City issues citations against puppy mill operators

By Kent Justice, Weekend anchor, reporter, kjustice@wjxt.com
Published On: Aug 06 2014 11:24:38 AM EDT
Updated On: Jul 24 2014 06:50:00 PM EDT

VIDEO: The Attorney General shut down what they deemed to be a puppy mill. Brook and Anthony Rouge are accused of running a what they believe is a puppy mill in which they sold a puppy that displayed health issues like dysplasia.

JACKSONVILLE, Fla. -

The city of Jacksonville’s Animal Care and Protective Services has issued citations against a Westside man accused of operating a puppy mill with his family.

Brook Roque was issued the following civil citations by ACPS:

  • 6 citations for offering a puppy under 8 weeks of age for sale
  • 1 citation for operating without an animal dealer permit
  • 2 citations for selling a puppy without a valid health certificate
  • 2 citations for failure to provide veterinary care for two sick pups

ACPS also issued citations to Brooke Roque’s father Anthony Roque, including one for failing to isolate a sick puppy from healthy puppies.

Several people have contacted News4Jax, offering to care for puppies removed from the puppy mill. But ACPS said it did not find any other dogs at Roque’s home. If there were any puppies recently, they do not know where they are right now.

Steve Templeton said he let it go years ago, but he still remembers the sting of buying his dog as a puppy from Brook Roque.

As young as six months old, Templeton’s dog displayed health issues like hip dysplasia and cherry eyes, where the dog’s eyes popped out of the socket.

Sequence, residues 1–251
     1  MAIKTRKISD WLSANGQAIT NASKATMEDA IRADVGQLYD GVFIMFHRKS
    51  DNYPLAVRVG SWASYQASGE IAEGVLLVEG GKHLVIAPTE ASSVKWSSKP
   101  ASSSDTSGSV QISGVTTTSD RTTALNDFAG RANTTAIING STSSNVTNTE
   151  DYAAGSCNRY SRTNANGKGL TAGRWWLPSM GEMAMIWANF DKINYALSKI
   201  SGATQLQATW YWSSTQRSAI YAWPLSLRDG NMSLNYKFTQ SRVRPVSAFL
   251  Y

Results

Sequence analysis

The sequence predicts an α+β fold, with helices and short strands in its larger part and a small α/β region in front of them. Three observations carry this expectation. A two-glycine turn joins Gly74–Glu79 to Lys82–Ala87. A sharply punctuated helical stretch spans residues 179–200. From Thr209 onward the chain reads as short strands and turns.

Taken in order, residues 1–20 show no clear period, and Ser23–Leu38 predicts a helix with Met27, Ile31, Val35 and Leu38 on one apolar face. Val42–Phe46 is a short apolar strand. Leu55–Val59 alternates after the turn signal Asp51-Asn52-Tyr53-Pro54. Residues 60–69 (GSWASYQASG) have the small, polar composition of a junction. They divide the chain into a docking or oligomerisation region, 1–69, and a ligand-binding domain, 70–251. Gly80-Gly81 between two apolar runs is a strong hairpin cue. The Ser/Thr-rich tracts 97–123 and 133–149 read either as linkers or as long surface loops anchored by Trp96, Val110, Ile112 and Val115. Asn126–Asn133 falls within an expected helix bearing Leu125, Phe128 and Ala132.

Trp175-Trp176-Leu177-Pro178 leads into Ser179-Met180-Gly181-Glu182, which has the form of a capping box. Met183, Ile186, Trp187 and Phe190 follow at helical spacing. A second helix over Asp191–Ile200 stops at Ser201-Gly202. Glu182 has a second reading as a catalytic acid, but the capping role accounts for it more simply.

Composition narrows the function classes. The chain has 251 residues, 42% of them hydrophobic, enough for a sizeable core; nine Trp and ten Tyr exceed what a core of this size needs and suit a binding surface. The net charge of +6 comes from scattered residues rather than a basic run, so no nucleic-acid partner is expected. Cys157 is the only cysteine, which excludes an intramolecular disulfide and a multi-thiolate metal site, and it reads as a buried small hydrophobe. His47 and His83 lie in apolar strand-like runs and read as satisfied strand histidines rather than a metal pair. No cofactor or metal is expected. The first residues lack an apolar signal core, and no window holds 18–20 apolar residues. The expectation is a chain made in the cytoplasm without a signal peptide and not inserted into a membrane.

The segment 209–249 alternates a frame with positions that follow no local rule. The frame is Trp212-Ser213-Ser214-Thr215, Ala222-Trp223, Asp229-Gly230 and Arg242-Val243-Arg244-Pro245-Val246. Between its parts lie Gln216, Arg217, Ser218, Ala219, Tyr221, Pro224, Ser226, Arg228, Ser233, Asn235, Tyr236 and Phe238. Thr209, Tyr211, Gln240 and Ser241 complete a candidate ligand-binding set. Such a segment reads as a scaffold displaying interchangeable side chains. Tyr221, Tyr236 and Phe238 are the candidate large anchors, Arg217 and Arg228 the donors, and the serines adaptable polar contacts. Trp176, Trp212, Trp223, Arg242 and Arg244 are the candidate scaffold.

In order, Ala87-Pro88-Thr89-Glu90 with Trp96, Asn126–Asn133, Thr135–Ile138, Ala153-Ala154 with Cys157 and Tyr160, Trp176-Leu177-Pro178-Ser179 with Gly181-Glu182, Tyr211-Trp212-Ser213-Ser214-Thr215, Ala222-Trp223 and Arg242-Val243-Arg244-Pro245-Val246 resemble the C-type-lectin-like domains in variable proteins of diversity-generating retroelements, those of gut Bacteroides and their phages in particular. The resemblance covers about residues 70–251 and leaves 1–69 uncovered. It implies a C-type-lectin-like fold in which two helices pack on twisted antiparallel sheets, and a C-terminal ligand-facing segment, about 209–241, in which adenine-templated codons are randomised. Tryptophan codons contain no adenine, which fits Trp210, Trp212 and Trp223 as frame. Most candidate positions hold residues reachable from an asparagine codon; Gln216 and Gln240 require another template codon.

Attorney General Pam Bondi’s office froze Brook Roque’s assets and shut down the dog breeding operation.

Templeton believes prosecution is overdue.

“When we bought that puppy, we were naïve to the bulldog breed,” Templeton said. “You see a puppy when he’s young, you think 'Oh, he’s adorable.' Then you see what you think are the parents to this dog and come to find out that’s just impossible by the way the dog came out. ... Two bluejays don’t make a cardinal. That’s the only way I can explain that.”

The Attorney General’s office hopes the consumer complaints have come to an end. They shut down what they deemed a puppy mill operation. And the dogs being bred came through ACPS in Jacksonville.

“We were contacted by the state's Attorney General Office, because there's an animal component to this case,” said Nikki Harris, ACPS division chief. “Obviously, their facilities don't allow them to handle any animals.”

Harris offered some keys to choosing wisely, if you are determined to go through a breeder.

“The most important thing would be to physically see the mom and the puppies before you considered buying the puppy,” Harris said. “You would also want references of previous adopters. … And you would contact them to see. I would also ask for veterinary records from the breeder, because they should have ongoing records from the puppies and the mom.”

The state Attorney General's Office said Brook Roque and the other defendants have 20 days to respond to the complaint.

No hearing date has been scheduled yet.

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